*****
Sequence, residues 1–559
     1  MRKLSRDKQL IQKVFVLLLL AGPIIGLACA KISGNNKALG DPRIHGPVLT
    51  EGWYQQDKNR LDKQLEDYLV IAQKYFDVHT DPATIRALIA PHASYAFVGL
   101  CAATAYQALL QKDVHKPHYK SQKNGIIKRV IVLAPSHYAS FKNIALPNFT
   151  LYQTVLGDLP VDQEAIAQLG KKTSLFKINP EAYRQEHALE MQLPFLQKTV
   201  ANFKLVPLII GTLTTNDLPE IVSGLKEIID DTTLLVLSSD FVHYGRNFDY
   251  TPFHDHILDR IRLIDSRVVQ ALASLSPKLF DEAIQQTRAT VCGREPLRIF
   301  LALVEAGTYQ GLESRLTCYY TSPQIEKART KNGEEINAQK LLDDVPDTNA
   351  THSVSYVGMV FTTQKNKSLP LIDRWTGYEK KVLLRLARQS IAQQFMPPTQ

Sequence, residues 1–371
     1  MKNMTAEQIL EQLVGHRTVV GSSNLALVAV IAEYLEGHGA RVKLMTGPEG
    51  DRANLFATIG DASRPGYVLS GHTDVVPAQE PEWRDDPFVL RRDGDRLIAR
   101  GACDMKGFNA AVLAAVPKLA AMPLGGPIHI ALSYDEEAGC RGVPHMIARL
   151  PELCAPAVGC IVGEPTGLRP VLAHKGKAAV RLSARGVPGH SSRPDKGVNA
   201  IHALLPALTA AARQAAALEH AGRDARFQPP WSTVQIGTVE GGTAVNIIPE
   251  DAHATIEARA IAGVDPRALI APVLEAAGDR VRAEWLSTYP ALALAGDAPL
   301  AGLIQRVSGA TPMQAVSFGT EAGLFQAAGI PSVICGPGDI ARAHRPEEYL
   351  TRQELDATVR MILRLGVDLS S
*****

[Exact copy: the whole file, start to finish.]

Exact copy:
Sequence, residues 1–559
     1  MRKLSRDKQL IQKVFVLLLL AGPIIGLACA KISGNNKALG DPRIHGPVLT
    51  EGWYQQDKNR LDKQLEDYLV IAQKYFDVHT DPATIRALIA PHASYAFVGL
   101  CAATAYQALL QKDVHKPHYK SQKNGIIKRV IVLAPSHYAS FKNIALPNFT
   151  LYQTVLGDLP VDQEAIAQLG KKTSLFKINP EAYRQEHALE MQLPFLQKTV
   201  ANFKLVPLII GTLTTNDLPE IVSGLKEIID DTTLLVLSSD FVHYGRNFDY
   251  TPFHDHILDR IRLIDSRVVQ ALASLSPKLF DEAIQQTRAT VCGREPLRIF
   301  LALVEAGTYQ GLESRLTCYY TSPQIEKART KNGEEINAQK LLDDVPDTNA
   351  THSVSYVGMV FTTQKNKSLP LIDRWTGYEK KVLLRLARQS IAQQFMPPTQ

Sequence, residues 1–371
     1  MKNMTAEQIL EQLVGHRTVV GSSNLALVAV IAEYLEGHGA RVKLMTGPEG
    51  DRANLFATIG DASRPGYVLS GHTDVVPAQE PEWRDDPFVL RRDGDRLIAR
   101  GACDMKGFNA AVLAAVPKLA AMPLGGPIHI ALSYDEEAGC RGVPHMIARL
   151  PELCAPAVGC IVGEPTGLRP VLAHKGKAAV RLSARGVPGH SSRPDKGVNA
   201  IHALLPALTA AARQAAALEH AGRDARFQPP WSTVQIGTVE GGTAVNIIPE
   251  DAHATIEARA IAGVDPRALI APVLEAAGDR VRAEWLSTYP ALALAGDAPL
   301  AGLIQRVSGA TPMQAVSFGT EAGLFQAAGI PSVICGPGDI ARAHRPEEYL
   351  TRQELDATVR MILRLGVDLS S